DraftKings and FanDuel made their case in court on Wednesday. Nevada Attorney General supports RAWA. How can televised poker appeal to new viewers? And more.

DFS’s day in court

The two major DFS sites, FanDuel and DraftKings, were in court to argue against the New York Attorney General’s injunction seeking to shut down the states in the Empire State.

Wednesday’s hearing was for oral arguments and the judge decided to hold off on his ruling, saying it will be coming soon. Overall, both sides had a lot to be happy with and a lot to be concerned about.

I recommend looking through the Legal Sports Report Twitter account (which was manned by Daniel Wallach for the day) for a blow-by-blow description of what went down. You can also get the full recap here.

Nevada AG comes out in favor of RAWA

In an interview with Jon Ralston, Nevada Attorney General Adam Laxalt indicated he would be supporting the Restoration of America’s Wire Act bill… a very surprising development considering Nevada has an online poker industry.

Laxalt’s support for RAWA was criticized by both the governor, Brian Sandoval, and the state’s top regulator, AG Burnett. On top of that, poker writer John Mehaffey dug into Laxalt’s connections and found some interesting ties to Sheldon Adelson and the Coalition to Stop Internet Gambling, widely believed to be the driving force behind the RAWA online gambling ban.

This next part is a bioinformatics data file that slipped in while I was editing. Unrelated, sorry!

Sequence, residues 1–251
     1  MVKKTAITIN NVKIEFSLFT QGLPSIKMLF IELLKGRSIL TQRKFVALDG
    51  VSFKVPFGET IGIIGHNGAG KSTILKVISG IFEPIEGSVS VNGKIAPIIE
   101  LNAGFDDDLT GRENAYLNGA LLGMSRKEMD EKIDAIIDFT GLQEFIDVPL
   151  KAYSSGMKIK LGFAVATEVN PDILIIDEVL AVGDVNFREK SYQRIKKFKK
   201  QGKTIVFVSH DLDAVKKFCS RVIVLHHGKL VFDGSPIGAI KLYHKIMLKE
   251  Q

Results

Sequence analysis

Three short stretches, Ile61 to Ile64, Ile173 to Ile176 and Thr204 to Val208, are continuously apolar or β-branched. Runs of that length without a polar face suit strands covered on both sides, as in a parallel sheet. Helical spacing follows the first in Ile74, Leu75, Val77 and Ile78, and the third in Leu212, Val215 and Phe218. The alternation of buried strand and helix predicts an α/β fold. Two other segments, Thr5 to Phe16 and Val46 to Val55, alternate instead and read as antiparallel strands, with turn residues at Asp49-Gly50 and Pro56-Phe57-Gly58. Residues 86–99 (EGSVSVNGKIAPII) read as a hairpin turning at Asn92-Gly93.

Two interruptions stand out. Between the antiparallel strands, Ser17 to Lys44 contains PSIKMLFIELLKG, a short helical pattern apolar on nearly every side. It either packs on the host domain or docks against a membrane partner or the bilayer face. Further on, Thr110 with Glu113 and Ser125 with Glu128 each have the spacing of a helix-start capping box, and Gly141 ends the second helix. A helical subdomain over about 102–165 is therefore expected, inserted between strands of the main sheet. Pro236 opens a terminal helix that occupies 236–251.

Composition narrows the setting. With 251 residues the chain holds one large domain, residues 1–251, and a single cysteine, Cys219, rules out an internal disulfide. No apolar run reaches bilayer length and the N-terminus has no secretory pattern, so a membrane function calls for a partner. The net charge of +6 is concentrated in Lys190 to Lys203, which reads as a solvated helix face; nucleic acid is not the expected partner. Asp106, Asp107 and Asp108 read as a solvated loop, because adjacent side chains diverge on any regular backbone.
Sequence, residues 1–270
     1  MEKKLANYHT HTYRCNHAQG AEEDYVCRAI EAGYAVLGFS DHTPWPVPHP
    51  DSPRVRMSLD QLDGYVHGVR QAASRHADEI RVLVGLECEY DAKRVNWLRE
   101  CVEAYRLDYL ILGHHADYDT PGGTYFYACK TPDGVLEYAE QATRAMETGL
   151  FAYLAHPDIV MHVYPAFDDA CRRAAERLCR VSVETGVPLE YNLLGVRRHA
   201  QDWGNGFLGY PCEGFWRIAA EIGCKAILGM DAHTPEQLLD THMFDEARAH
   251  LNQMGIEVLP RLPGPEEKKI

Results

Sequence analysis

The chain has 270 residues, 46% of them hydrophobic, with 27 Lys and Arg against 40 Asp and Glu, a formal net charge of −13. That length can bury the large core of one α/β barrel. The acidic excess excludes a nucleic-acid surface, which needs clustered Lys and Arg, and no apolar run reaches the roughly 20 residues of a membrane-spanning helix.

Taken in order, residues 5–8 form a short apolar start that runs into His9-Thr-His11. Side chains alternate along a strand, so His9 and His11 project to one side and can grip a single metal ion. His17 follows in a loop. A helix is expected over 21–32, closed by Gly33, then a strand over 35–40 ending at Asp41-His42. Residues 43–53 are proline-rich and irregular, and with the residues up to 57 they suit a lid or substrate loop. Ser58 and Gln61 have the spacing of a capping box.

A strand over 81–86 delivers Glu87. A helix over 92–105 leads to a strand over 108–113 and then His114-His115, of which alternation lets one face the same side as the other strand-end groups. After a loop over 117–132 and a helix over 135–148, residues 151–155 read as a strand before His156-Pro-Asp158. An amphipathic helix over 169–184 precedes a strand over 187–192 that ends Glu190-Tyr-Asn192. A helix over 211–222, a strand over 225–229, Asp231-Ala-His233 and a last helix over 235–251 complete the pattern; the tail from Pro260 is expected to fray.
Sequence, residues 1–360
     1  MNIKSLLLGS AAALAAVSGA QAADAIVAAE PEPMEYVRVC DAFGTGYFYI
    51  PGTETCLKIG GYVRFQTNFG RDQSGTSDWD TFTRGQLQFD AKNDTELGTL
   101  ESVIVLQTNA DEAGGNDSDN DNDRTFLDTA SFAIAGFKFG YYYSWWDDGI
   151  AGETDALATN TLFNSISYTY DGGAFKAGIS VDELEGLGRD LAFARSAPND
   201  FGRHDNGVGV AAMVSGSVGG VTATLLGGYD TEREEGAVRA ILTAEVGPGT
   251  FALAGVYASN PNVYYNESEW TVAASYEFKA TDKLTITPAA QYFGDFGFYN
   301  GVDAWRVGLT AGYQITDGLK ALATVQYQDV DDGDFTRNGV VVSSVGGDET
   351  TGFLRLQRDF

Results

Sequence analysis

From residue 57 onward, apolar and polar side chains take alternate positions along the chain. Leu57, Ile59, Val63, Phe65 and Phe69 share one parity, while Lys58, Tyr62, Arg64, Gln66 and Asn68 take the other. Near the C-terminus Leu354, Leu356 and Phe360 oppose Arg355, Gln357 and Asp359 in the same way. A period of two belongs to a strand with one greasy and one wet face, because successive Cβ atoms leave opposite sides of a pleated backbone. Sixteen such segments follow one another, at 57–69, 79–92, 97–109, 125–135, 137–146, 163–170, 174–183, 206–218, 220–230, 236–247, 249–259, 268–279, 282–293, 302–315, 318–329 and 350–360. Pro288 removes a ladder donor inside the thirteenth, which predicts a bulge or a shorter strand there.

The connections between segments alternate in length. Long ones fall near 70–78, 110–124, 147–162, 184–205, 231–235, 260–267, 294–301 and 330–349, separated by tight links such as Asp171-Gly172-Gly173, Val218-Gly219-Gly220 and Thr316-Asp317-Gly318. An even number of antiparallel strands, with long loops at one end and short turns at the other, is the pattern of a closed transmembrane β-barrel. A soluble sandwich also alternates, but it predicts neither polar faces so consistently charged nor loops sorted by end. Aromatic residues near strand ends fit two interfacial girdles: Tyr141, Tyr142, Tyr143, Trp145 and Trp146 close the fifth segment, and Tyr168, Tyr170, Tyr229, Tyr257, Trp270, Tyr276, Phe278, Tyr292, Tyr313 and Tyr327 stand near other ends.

Quick Hitters

– Lee Davy spoke to one of the UK’s top tournament players, Simon Deadman in an interview for Poker Update.

– Part Time Poker’s Alex Weldon offered up his thoughts on a recent article that delves into the world of poker broadcasting, and why it may be turning off potential viewers and poker players.

– A British teenager was given the proverbial slap on the wrist (12 months suspended sentence and a small fine) for launching ddos attacks against online gambling sites.

– 11 companies have applied for an online gambling license in Portugal. Among the applicants were Betfair and Betclic, with Portugal saying the other applicants were national and international companies.